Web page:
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Type hinting in PHP – at long last!

This entry was posted by on Tuesday, 1 August, 2017 at

PHP has always been a “messy” language. It’s API looks somewhat thrown together by several different people who do not seem to be aware of each other’s existence, but surely have the best intentions. Given these ‘tools’, it comes as little surprise that writing good PHP code used to be more of an art than science. If the language does not force consistency, then it requires a great deal from the developer.

Luckily, with PHP 7.0 and 7.1 came the awesome feature of type hinting:

function fooBar(int $nuppi, ?float $baz): int {
// do something useful
return $numberOfNuppis;

This greatly improves the ability to program by contract in PHP and helps to clearly set interfaces: I can call function fooBar, but am supposed to pass an int ($nuppi) and a float $baz, which may also be null. In return, it will give me an int value.

Why is this great?

* Before 7.0, it was not certain how this function was supposed to be called. Of course you should use the @param/@return phpDoc, but this did nothing at runtime – it was still possible to do fooBar(‘gurp’, 5).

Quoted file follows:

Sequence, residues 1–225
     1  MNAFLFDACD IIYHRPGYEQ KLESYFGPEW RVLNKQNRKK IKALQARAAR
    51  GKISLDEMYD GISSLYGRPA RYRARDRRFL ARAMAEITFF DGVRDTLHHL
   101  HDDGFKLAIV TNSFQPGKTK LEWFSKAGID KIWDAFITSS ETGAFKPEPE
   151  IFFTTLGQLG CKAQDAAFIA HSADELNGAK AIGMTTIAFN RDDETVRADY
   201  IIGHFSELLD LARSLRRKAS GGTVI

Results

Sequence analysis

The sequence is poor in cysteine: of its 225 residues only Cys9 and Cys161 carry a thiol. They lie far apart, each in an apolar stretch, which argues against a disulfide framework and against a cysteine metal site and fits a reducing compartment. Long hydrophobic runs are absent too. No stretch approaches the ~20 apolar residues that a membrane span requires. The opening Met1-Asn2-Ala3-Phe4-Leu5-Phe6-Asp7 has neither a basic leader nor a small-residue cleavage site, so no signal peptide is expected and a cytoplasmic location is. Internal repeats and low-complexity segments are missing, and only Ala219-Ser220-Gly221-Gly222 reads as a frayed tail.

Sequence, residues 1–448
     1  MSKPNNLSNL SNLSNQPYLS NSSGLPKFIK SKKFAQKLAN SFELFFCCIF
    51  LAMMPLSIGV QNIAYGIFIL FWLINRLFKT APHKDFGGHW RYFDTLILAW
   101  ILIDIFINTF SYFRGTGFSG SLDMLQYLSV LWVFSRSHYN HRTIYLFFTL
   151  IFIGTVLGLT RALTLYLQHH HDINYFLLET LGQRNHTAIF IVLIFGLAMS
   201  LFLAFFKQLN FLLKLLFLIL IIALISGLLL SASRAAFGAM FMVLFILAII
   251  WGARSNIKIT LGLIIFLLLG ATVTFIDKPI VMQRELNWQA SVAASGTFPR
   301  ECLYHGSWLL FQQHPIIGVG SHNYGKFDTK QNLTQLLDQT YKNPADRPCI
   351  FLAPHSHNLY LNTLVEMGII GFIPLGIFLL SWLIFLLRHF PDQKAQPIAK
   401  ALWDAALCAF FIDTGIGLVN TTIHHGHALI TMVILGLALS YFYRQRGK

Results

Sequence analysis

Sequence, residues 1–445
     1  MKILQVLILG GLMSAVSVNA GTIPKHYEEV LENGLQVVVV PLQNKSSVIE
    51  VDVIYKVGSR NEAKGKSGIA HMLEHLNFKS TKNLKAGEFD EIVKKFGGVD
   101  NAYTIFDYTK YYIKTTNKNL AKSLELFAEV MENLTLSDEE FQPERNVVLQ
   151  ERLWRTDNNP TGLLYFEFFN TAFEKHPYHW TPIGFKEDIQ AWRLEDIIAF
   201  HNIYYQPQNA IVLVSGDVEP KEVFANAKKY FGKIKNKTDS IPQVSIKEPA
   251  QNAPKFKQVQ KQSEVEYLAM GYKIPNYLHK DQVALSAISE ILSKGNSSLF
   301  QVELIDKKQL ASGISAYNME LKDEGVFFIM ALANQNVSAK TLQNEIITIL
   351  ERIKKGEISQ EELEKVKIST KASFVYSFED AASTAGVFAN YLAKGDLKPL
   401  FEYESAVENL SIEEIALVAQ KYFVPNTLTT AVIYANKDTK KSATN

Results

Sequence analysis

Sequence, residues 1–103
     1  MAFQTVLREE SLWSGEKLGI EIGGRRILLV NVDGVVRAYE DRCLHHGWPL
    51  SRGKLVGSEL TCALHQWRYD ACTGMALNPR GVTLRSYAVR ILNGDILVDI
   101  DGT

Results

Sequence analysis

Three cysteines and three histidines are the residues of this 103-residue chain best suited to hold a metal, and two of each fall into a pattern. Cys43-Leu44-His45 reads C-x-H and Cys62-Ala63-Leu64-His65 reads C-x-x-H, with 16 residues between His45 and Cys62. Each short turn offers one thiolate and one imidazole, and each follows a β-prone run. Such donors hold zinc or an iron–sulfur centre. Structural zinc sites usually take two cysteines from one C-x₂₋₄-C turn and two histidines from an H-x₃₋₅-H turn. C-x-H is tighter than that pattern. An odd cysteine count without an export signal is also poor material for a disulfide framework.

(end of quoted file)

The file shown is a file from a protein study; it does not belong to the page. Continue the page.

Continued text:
* Correct use of a function had to be apparent from its context – if fooBar() is called elsewhere with an int as an argument, then that is probably the way to go. But the fact that null, ”, ‘0’, 0, 0.0 and [] all evaluate to boolean false makes it difficult to reliably work with booleans this way.

* If you wanted to enforce any kind of check, you’d have to go about throwing a lot of defensive measures inside the function:

if (!is_int($nuppi)) {

This pollutes the code (clutters actual functionality, introduces bugs, requires maintenance, etc.) and also forces other code to deal with whatever we return – void, null, -1. It is difficult to make this consistent across an entire project with multiple developers.

* If you wanted to use a function that was not properly documented, it could throw an unspecified result – void, int, null, array of some type of objects. The return type now makes this explicit.

* For both the parameters and the return value, you don’t have to do the checking anymore – PHP does that for you now, and will throw a TypeError if the function violates its contract.

The result? Better code because the language helps you do it right!

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